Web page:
Sunday, October 3, 2010

Luis Jacob ready for the world

In recent years, though, things have changed for Luis Jacob, and quickly. A few days earlier, he had just finished showing in the distinctly less gritty, gracefully curling rotunda of the fabled Guggenheim Museum uptown. One of his Album series — carefully arrayed selections of found images grouped to build what appear to be highly personal narratives using mass media — was shown there in a sprawling, superstar-laden show called Haunted, alongside work by such icons as Robert Rauschenberg and Andy Warhol.
It was just the most recent signal that, in the fast-paced churn of the international art world, Jacob has become perhaps Toronto's most notable export. In 2007, he was invited to show at Documenta 12, a sprawling, prestige-laden international exhibition in Kassel, Germany that takes place only once every five years.
Some 750,000 people saw his work there, a video piece and Album III, including an elite of international curators; since then, Jacob's rise has been steadily stratospheric, from solo shows in European museums to his work being acquired by important museum collections — like the Guggenheim — all over the world. “It changed everything,” Jacob says, still a little incredulous.
Source: Toronto Star

Saturday, September 25, 2010

Betty Goodwin the great

How best to sum up Betty Goodwin’s impact on our visual culture? Put it this way: If you’re Canadian and have even the most casual interest in art, Goodwin’s work will loom large in your imagination, or more likely, will be seared into your psyche. Against all trend and fashion over the 60-plus years of her career, her devotion to the human figure — often locked in some kind of primal struggle, awash in her signature ochres and reds, blacks and deep, sooty greys — forged her a singular legacy in our world.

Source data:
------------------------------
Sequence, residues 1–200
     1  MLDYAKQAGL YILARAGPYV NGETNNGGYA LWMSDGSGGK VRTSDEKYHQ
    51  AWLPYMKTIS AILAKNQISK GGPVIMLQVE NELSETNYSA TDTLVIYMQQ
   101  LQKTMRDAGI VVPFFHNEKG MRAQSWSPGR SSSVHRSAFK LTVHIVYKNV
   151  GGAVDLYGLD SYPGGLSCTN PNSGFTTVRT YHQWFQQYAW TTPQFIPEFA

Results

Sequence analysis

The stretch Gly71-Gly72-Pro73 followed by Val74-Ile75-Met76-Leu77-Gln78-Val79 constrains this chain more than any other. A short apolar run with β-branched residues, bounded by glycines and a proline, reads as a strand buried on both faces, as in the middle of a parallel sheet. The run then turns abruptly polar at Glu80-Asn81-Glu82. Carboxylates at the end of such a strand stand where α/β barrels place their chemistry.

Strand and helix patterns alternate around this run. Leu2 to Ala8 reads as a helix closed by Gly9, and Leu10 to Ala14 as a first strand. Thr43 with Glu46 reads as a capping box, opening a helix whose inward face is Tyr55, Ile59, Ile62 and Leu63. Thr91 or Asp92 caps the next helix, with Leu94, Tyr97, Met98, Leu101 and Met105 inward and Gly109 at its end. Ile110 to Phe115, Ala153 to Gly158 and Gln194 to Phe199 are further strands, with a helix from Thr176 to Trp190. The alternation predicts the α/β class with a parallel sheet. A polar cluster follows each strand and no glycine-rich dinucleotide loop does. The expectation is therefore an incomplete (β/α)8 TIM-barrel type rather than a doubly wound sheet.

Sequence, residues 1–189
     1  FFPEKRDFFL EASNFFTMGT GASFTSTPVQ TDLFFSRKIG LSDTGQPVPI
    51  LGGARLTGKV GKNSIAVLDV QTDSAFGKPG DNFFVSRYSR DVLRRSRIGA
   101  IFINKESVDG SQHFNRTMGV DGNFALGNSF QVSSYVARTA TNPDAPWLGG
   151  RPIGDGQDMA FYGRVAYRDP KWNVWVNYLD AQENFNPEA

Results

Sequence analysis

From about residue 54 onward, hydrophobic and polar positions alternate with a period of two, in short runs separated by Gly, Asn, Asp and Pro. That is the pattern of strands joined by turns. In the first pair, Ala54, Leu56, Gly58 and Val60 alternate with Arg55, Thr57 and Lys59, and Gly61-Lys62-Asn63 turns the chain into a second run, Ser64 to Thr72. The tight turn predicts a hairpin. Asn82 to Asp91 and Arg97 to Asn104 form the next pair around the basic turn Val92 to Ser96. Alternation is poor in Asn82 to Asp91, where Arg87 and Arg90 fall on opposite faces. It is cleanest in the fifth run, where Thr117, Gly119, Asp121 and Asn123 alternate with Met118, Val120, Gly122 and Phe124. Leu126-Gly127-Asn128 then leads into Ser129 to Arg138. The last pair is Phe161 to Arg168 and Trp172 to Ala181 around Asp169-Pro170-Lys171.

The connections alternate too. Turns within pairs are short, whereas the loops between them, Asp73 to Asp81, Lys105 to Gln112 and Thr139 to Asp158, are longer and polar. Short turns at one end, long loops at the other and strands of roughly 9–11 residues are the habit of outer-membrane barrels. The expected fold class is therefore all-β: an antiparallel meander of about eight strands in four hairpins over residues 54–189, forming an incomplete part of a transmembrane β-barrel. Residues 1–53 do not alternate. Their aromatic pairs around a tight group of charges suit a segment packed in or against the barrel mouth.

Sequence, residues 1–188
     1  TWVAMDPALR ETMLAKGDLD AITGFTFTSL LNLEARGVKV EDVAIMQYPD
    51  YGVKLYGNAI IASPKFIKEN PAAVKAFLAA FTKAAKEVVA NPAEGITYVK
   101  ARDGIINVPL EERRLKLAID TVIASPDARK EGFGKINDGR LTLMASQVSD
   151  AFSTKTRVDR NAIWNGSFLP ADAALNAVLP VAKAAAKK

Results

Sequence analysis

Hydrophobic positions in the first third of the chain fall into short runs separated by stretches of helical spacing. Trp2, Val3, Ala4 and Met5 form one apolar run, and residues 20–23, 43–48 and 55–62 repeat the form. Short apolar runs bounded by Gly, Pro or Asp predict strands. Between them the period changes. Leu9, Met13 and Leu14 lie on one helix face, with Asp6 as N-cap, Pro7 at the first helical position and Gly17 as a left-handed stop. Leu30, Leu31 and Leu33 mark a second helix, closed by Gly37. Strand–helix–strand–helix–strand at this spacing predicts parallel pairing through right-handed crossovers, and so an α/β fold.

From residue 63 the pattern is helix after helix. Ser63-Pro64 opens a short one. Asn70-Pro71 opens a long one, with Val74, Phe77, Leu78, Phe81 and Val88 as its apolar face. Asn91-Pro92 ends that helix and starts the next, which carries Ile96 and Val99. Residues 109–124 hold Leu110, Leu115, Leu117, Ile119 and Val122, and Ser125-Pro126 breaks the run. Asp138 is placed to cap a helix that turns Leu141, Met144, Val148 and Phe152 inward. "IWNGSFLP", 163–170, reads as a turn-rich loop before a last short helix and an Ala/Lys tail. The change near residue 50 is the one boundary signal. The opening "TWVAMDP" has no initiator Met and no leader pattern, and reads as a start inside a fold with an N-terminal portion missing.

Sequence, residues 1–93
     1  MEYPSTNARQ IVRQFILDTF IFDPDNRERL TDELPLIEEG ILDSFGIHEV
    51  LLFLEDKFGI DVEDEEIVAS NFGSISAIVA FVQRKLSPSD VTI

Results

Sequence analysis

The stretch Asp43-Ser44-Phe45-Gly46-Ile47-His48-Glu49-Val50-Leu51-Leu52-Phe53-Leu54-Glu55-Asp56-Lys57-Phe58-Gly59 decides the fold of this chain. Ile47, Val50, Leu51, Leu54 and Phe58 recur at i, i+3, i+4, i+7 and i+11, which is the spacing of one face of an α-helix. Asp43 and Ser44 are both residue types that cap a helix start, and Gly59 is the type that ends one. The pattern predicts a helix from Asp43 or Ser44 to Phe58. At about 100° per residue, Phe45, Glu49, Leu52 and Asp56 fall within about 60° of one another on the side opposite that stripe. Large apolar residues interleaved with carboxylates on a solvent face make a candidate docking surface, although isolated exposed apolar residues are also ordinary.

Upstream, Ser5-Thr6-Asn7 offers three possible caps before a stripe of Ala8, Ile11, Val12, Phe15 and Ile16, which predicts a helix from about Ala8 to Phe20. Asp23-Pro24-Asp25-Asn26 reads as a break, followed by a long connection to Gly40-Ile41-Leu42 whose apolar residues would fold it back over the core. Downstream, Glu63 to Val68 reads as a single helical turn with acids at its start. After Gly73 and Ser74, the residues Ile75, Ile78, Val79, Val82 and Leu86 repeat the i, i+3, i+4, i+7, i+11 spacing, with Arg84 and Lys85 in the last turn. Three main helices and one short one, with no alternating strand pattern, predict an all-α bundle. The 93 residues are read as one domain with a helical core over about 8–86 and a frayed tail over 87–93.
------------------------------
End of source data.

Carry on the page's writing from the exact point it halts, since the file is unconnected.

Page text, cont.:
Source: Toronto Star

Friday, September 24, 2010

Blows your mind

He’s the champion of the avant-garde with his Cannes Film Festival winner about sexy catfish and laser-eyed monkeys.
Yet even as Thai filmmaker Apichatpong Weerasethakul confounds and challenges the mainstream with Uncle Boonmee Who Can Remember His Past Lives, a vivid fantasy of dreams and memories opening Thursday at Bell Lightbox, he prefers to make people laugh.
“For me, it's a comedy, a melancholy comedy,” said Weerasethakul, 40, whose name is roughly pronounced as Api-sha-tome Weera-seta-koon (he encourages people to call him “Joe,” his nickname).
Source: Toronto Star

Friday, August 27, 2010

Body art by Kim Joon

Korean artist Kim Joon takes body art to a whole new level using his subjects as a creative, sprawling, slightly flawed (hey, we’re only human) canvas on which to create hi vibrant, colourful, and dynamic artworks.
Source: Lost At E Minor

Saturday, August 21, 2010

EU seal ban suspended

A European Union ban on seal products was temporarily suspended Thursday, the day before it was set to take effect, because of a legal challenge by Inuit leaders.